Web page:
Friday, July 13, 2012

Review: Singer and St Jude: The Lost Cause by Lazette Gifford

The particulars: Science fiction, Double Dragon,  available as e-book
The Source: Fictionwise
The Grade: B
The Blurb:

In 2039 Los Angeles, half ruined by devastating quakes, is in the hands of three policing forces--the National Feds, the State Militia and the city's own Local force, all of them squabbling over jurisdiction. Religious intolerance grows under the watchful eye of the CCP, and survival is a precarious game of chance and cunning. And in this maelstrom of disaster, two Local detectives, working on their first case together, try to find a drug dealer with a secret he's willing to sell--if he lives long enough. Unfortunately, Elias Singer is about to learn that his new partner has a dangerous secret all his own..

The review: 

This book languished unread for a long time before I picked it up. And I am glad I did.
It took a couple of pages before I was truly hooked, but once I was I couldn't stop reading. I wanted to find out how St Jude and Singer got out of this mess.

In someway, this novel scared me. Oh, not because it is horror, but because the direction the post apocalyptic world it paints are so believable. From the quakes, that wrecked California, since scientists know a big quakes will hit California, sooner or later. Too the religious intolerance that is a big part of the world. The quakes have led to a bleak world, filled with suspicions against those that are different. Like Jews, Retro, and Catholics.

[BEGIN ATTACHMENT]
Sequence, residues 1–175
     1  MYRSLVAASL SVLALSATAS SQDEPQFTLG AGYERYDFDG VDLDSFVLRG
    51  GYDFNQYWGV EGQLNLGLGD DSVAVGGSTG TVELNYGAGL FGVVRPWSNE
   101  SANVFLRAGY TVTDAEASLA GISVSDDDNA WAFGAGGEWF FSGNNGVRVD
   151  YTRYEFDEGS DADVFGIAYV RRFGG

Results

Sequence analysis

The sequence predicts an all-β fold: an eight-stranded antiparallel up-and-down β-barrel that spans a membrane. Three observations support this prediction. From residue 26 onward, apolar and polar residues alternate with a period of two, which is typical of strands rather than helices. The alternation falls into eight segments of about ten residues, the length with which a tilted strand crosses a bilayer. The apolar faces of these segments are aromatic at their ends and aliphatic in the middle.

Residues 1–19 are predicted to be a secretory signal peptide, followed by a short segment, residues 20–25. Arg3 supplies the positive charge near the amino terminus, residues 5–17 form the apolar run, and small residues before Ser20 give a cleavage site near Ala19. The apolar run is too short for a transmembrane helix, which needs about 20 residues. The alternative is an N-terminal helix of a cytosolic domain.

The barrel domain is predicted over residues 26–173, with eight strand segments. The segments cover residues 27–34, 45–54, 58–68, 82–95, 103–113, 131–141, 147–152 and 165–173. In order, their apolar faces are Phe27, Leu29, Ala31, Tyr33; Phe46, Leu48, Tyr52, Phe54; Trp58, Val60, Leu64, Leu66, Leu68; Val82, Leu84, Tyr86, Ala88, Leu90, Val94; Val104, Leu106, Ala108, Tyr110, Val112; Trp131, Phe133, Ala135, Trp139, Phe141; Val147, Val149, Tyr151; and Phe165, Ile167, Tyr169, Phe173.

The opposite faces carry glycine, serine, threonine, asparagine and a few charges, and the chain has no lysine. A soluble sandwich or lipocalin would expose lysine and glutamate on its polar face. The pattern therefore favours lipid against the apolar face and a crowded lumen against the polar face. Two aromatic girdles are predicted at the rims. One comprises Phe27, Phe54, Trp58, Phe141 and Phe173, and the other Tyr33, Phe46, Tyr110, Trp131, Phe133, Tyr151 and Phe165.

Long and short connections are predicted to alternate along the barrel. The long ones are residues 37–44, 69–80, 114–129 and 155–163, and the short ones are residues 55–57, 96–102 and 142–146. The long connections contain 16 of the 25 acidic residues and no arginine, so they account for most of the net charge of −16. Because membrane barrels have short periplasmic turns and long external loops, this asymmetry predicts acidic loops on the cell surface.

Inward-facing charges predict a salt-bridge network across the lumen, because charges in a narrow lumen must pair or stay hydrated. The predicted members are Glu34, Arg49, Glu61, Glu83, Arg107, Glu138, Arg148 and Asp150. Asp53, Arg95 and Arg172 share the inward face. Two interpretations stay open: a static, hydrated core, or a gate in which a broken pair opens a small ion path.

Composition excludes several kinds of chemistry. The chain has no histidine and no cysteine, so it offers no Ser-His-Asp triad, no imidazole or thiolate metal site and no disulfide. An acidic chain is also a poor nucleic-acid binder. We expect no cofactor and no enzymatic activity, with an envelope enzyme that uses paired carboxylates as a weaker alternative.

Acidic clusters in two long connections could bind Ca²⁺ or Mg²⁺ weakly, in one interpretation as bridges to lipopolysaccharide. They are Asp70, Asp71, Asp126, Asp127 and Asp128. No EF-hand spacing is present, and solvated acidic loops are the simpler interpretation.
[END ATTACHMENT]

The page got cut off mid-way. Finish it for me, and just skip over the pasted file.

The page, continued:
The plot also felt believable, from the hunt for the drug dealer, too the sudden twist that blew everything onto a new level of importance.

What made the book work for me was the characters. The quiet love between Singer and his wife Leah made me smile. I especially liked how they gave each other space to fulfil what was important to them. I also liked how Singer and St Jude gradually became partners in the truest sense. They trusted each other with secrets that might be disastrous if they leaked out.

The biggest problem I had with this book was formatting errors. It happened more than once, that spaces were missing or in some cases letters. This is an error due to Fictionwise formatting, I suspect.

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